As HDRs Alaska Strategic Communications Director, Josie has extensive experience developing and implementing strategic communications and marketing strategies. She has 18 years’ experience overseeing integrated and multi-channel communication campaigns, strategic planning, and public relations for diverse audiences. A motivational speaker, leadership trainer, and consultant, Josie has experience guiding branding initiatives, external affairs, government relations, community investment, and employee morale activities. She is recognized as a dynamic go-getter with the ability to be client-focused and drive toward results. She has a demonstrated skill for learning quickly, synthesizing complex information, and successfully implementing initiatives.

Anna Kohl, CEP
Environmental Project Manager
HDR, Inc.

As Environmental Project Manager at HDR in Alaska, Anna’s work focuses on program-level environmental planning and NEPA compliance for infrastructure development projects. She is actively engaged in all technical discipline aspects pertinent to the NEPA process, as well as with agency and stakeholder coordination and communication. Active in NAEP, the Alaska NAEP Chapter, and as a Trustee for the Academy of Board Certified Environmental Professionals (ABCEP), Anna is committed to advancing the environmental practice through collaborative learning opportunities with colleagues. Anna has worked with public- and private-sector clients in Alaska for 21 years.

Session B2.3

Public Involvement in Environmental Protection Projects

Gordon Okumu

12:15 – 12:45 PM ET

About the Presentation

Public participation in environmental projects is one of the many important aspects of environmental protection ventures. When the public is involved in activities affecting them, it brings out a positive change that can help. Public participation in every decision improves the confidence of the citizens in government or nonprofit activities. On the contrary, government projects and activities sometimes are complex and requires extreme level of technical understanding to become viable success for the community hence difficult to involve the public at all levels. In this paper, we report the positive effects of public participation and how public administrators can determine the extent of public participation in environmental protection through the determination of community groups, governance policy, tools, and processes of engagement that they can implement. We are also going to discuss the capacity development strategy for engaging the public as well as stakeholder identification and management through community-based dialogue. In doing so, we shall be able to find out the public’s interests, perspectives, capacities, and interactions and this will enable us to display multiple dimensions of stakeholders’ attributes in a radargram which in return will guide us in knowing the stakeholders within the public and their individual abilities within the society so that they may be placed in the right spot within the spectrum for public participation.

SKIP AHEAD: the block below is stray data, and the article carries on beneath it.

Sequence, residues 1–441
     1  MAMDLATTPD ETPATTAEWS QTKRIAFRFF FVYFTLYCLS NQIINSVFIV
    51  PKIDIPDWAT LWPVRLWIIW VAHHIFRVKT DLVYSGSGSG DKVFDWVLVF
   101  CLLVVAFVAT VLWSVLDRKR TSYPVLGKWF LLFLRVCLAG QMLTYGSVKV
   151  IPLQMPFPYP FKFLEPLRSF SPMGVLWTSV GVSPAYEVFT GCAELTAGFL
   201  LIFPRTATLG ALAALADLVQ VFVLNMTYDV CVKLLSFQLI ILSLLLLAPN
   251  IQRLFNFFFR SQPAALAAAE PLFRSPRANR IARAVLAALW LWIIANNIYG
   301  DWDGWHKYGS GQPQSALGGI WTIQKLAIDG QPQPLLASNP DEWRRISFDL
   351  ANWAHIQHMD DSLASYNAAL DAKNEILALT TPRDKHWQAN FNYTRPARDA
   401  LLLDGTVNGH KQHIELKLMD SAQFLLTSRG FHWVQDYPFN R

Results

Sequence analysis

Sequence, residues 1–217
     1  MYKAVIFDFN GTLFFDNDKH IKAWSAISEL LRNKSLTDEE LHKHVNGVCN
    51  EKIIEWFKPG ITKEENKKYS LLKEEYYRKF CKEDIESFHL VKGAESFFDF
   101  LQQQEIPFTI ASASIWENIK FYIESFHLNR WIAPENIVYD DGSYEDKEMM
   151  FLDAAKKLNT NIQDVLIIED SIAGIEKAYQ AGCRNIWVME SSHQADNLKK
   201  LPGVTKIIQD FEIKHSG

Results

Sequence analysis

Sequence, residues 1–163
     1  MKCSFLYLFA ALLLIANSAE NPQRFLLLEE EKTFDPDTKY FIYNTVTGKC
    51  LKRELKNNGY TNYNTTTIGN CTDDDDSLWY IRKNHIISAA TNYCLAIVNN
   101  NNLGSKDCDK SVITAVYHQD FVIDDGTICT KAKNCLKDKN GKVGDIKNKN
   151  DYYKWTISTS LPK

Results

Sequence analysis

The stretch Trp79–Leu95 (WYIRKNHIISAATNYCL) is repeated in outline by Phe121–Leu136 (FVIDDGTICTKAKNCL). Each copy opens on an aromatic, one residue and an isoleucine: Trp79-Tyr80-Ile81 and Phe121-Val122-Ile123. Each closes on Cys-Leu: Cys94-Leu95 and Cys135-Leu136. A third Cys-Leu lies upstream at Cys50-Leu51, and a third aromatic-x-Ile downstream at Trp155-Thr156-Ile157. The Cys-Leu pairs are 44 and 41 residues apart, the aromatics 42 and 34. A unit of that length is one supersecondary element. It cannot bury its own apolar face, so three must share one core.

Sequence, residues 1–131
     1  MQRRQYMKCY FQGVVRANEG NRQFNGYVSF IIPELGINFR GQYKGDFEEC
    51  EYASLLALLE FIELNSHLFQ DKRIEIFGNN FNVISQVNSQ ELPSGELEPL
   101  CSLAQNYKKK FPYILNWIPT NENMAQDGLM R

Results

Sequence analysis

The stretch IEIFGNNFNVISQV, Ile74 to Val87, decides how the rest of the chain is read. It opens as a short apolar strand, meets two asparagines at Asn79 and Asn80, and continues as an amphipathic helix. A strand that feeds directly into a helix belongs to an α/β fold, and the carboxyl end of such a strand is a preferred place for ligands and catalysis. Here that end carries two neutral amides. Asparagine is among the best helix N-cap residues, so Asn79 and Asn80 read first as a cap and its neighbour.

The learning objectives of this paper is to provide an overview and holistic approach on how to involve the public in activities that requires public participation. The research process, identification, and categorization of the public will be part of the project. Several projects that stall in the process of implementation does so because the step of public participation was either ignored during the planning or reviewed shallowly and left as less important yet it’s one of the most important aspects of any realistic project. This paper will therefore talk about the community-based participatory action on public involvement in ecological restoration and protection of the environment.

About the Speaker

Gordon Okumu
Health & Environmental Investigator II
King County

Gordon works for King County in Washington State as Health and Environmental Investigator. He experienced in forest restoration, hazardous waste management and mechanism of pollution prevention. He works with businesses, trades associations and agencies to develop best management practices while identifying cost-effective options for disposition of the hazardous wastes. Gordon is also the founder and president of Angels of Africa, a nonprofit organization working with communities in Western Kenya to help restore the lost forest cover as well as training them about environmental protection. The Angels of Africa has so far planted over fifty thousand indigenous trees in western Kenya. Gordon has a bachelor’s degree in global environmental management from the University of Oregon, a post graduate certificate in Tropical Forest Landscapes from the Yale School of Environment and a bachelor’s in Media Studies - Public Relations major from the Multimedia University of Kenya.


Back to Schedule